Why do you think a human skeleton has a tailbone when humans do not have tails?

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The tailbone, or coccyx, functions in much the same way that a differential functions in one’s automobile. It is sort of a centralized fusion of moving parts that facilitate operation of those parts as a whole. Constituted primarily of the last several vertebrae, it is the location at which bones central to human movement are connected with ligaments and other tissue. It is called a tailbone because it exists at the lowest part of the back and constitutes the end of the vertebral column. As such, it is referred to as the “tailbone” even though humans do not have tails.

Now, that brief description aside, the existence in humans of the coccyx is often pointed to as physical evidence that human beings evolved from other forms of life, mainly from apes, which do not have tails but which are considered part of the evolutionary process that culminated in humans and that was preceded by other primates that did or do have tails. Humans do not have tails despite the presence of something labeled a “tailbone” because, according to evolutionary theory or science humans do not have a need for a tail, balance being factored into our evolutionary makeup, as in our ability to walk on two legs, our arms being available for purposes other than simple movement from one spot to another.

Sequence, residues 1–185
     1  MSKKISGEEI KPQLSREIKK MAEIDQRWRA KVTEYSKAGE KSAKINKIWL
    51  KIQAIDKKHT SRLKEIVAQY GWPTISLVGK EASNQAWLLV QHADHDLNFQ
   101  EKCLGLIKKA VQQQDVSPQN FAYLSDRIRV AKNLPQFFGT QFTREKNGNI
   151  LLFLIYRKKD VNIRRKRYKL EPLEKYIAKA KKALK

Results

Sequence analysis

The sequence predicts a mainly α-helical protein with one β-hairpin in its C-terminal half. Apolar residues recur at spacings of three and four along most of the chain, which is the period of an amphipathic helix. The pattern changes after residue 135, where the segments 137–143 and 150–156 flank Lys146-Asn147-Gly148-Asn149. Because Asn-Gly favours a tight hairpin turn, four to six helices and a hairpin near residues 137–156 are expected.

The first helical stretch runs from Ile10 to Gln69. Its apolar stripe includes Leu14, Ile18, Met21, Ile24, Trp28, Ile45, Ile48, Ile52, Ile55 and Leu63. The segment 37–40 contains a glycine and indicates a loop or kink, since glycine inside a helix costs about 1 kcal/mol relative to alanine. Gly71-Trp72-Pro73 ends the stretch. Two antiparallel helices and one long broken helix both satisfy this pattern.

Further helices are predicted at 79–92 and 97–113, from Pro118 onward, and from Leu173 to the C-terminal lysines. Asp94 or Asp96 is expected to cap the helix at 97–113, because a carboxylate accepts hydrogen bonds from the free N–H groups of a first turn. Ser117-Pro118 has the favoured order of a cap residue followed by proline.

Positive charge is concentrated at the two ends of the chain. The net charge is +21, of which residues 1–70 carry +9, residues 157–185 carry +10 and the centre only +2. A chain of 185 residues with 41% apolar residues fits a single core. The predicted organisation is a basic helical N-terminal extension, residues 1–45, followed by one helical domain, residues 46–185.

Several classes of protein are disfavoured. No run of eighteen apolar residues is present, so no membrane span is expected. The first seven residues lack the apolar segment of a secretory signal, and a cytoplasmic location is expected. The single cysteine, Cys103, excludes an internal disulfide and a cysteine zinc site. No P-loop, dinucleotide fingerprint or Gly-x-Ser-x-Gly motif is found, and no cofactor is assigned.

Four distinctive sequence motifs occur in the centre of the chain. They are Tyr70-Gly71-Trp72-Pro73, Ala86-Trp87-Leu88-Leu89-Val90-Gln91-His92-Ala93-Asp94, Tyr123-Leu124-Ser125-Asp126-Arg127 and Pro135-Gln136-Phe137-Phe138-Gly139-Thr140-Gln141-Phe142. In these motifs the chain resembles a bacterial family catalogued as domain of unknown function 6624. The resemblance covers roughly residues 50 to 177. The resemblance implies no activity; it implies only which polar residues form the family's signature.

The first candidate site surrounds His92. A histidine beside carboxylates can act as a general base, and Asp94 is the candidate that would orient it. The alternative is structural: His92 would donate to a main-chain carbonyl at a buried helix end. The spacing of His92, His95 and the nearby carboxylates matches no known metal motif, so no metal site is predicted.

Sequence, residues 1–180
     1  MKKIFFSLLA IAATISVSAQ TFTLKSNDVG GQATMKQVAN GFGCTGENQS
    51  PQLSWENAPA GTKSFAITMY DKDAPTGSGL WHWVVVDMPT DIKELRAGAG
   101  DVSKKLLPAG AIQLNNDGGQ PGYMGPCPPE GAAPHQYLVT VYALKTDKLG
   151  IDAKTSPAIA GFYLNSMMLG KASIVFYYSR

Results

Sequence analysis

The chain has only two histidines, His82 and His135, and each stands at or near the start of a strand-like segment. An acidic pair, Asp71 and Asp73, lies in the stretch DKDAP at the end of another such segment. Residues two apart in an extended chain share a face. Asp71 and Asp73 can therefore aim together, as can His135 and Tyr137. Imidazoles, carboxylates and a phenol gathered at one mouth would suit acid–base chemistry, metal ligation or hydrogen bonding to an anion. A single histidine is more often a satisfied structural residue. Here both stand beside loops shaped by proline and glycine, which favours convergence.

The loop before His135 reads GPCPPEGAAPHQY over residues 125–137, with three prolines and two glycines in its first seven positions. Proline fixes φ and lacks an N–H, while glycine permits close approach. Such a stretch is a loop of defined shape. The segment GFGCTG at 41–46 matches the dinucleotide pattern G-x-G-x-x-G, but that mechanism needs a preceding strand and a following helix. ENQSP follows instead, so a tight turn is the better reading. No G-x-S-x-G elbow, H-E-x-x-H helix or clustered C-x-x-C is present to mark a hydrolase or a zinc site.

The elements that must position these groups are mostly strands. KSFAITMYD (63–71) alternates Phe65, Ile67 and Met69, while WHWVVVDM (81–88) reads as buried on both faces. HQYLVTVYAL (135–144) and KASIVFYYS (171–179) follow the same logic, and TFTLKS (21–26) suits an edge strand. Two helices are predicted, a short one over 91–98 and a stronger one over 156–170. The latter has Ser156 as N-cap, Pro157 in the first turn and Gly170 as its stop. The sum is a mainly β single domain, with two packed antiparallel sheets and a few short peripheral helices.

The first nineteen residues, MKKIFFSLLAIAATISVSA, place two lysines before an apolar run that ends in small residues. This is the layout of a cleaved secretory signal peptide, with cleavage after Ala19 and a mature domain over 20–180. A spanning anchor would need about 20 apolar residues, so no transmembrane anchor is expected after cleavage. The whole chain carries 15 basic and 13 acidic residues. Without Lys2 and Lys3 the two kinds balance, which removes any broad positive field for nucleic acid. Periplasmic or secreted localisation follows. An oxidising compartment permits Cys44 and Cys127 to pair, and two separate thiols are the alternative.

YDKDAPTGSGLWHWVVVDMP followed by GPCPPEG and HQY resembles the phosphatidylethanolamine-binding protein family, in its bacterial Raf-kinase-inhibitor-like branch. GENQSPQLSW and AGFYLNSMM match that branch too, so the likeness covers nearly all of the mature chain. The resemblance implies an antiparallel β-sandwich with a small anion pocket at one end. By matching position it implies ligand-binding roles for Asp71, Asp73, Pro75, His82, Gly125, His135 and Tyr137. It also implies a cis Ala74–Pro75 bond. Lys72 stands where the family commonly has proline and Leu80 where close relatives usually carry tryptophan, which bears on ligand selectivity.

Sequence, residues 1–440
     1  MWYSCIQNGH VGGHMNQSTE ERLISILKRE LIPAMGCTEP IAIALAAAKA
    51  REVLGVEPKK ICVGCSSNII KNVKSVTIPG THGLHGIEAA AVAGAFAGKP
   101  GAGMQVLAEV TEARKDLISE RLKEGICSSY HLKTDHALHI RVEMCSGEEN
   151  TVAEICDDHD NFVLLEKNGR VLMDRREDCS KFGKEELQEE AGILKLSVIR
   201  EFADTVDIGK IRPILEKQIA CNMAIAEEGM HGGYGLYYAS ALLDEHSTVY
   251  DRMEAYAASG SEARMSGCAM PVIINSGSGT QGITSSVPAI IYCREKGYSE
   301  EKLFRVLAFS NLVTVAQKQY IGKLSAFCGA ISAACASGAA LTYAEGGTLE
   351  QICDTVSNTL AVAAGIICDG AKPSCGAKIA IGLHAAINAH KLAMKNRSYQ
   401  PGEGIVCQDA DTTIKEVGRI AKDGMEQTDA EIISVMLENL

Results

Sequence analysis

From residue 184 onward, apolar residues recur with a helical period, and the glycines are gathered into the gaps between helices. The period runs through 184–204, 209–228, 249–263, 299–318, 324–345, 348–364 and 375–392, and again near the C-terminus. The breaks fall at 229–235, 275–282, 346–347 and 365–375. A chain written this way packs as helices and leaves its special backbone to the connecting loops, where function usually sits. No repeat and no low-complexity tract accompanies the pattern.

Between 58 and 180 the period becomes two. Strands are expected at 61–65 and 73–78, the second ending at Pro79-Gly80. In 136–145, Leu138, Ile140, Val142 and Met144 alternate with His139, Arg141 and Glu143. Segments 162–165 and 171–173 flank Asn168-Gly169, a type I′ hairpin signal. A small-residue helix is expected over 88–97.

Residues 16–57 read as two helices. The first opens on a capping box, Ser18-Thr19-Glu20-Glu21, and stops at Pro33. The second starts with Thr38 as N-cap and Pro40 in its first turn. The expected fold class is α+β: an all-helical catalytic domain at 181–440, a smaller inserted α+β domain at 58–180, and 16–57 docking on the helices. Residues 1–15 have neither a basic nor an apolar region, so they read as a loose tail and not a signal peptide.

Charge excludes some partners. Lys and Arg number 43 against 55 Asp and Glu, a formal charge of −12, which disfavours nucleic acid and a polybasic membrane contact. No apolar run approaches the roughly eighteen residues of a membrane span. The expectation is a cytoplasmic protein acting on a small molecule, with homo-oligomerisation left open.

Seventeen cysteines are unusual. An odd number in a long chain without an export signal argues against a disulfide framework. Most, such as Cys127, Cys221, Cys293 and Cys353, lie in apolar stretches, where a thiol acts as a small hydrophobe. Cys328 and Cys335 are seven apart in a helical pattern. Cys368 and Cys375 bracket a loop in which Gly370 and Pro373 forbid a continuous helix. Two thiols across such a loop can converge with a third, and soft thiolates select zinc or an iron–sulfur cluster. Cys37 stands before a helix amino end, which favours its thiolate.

There are individuals who believe that the tailbone is not a necessary part of the human anatomy. That is true, but it certainly makes movement a lot easier, as obvious when one damages one’s tailbone or lower vertebrae.

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